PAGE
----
Protests In French Guiana

On Monday, March 27, a general strike organized by over 27 labour unions in French Guiana began. More than 10,000 people attended this demonstration through the territory’s capital, Cayenne. This strike has been supported by a number of protests throughout the region, with over 250,000 people joining on the second day. The ‘500 Brothers’ also took part in a general strike and protests.

French Guiana was occupied by the French in the 17th century as a slave colony. It became a French department in 1964, and now has a population of 250 thousand. Despite being a French colony, the people have historically complained about not receiving the same rights and resources as those in France. In particular, Antoine Karma has criticized the French government for not caring better for the territory, claiming that “thirty percent of the population still does not have access to drinking water or electricity.” It also has the highest rates of murder of all the Frances’ overseas territories and unemployment is set to double in the coming years.

The strike and protest are due to economic hardship and high rates of crime. As they marched, they yelled “We are all united today because the country is in danger!” and “French Guiana, rise up, rise up! It’s time to rise up!” Members of the ‘500 Brothers’ were clad in black, hooded, and non-violent in their stand against organized crime and social injustice.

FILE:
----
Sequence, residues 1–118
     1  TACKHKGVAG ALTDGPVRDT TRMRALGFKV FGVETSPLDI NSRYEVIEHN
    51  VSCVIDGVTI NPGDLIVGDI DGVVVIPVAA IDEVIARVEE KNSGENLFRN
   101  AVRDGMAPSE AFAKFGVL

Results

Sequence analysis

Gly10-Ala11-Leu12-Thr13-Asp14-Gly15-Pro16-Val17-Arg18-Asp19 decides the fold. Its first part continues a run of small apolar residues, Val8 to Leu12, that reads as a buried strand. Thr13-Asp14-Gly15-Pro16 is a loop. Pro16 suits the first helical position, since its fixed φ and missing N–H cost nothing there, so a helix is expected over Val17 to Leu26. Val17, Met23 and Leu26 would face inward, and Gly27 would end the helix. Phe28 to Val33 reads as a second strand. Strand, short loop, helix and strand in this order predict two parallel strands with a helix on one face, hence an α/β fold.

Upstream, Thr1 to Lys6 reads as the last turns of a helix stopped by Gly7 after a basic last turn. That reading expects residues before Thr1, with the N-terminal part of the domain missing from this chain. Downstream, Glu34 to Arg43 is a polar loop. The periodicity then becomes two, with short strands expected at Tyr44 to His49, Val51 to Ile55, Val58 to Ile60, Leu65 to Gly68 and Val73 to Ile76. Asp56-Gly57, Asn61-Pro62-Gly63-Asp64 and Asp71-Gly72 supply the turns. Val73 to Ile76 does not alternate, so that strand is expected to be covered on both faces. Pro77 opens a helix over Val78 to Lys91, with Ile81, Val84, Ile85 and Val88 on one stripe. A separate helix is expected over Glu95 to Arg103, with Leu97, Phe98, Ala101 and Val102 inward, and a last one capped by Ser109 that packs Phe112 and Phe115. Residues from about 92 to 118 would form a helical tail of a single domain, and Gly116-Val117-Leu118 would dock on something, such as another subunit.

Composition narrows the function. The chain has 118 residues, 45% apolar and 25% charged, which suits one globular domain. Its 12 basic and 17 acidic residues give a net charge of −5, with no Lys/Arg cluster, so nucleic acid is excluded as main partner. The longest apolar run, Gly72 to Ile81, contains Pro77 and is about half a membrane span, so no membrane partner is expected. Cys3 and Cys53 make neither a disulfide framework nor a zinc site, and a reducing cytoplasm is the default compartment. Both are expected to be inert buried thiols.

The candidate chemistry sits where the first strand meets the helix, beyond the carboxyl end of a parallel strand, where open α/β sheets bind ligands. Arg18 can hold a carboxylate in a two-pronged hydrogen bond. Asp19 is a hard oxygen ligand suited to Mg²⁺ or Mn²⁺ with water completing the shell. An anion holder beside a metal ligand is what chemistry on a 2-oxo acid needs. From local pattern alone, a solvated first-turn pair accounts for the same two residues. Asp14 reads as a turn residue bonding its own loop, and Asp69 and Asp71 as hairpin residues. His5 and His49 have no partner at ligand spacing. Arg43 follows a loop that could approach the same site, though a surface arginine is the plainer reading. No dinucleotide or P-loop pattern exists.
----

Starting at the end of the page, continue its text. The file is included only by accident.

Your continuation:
Due to the strike and protests, schools were closed, access to the airport has been blocked, the launch of an Ariane 5 Rocket has been postponed, and roads to neighbouring countries, Brazil and Suriname, have been blocked. In addition to this, the strike has also prompted a U.S. travel warning.

The protests are the largest the region has faced since 2008, which protested a rise in fuel prices. These protests lasted for 11 days and ended only after the government agreed to cut fuel prices. However, it is important to note that the region has had a long history of unrest. Associate Professor at Arizona State University, Philip Toth, has said that “French Guiana has always had a rather unfortunate reputation as an economic backwater whose general neglect by French officials is only periodically interrupted by outbreaks of political protest and acts of violence by various local groups demanding greater economic investment in the region.”

It has also been thrust into the spotlight of the upcoming presidential election in France, with candidates now calling for intervention in French Guiana. François Fillon has blamed current President François Hollande for the current state of the territory, while Marine Le Pen accused the government of “averting its eyes” to the territory’s problems with illegal immigration.

Since the strike, the French Prime Minister Bernard Cazeneuve has announced that Interior Minister, Matthias Fekl, and Minister for France’s Overseas Territories, Ericka Barieghts, will be sent to the region to speak to the protesters, as protesters have refused to negotiate with lower-level officials. Their refusal to speak to lower-level officials is due to an overwhelming feeling that the government is unwilling to take their demands seriously.

PM Cazeneuve has said that while it is necessary for all citizens of the French Republic to be “able to able to benefit from the support and solidarity of the state,” no solutions for French Guiana’s current crises will be found “amid disorder.” He has, however, already offered to construct new penitentiaries in order to relieve prison crowding.

The strike has been wildly successful in pushing the social and economic problems of French Guiana to the forefront of French media, particularly due to the upcoming election. The city of Cayenne has been effectively paralyzed by the strike and protests, but the people have continued to stand strong in their non-violent fight for economic stability, access to basic resources, and increased social justice.

Kimberley Mobbs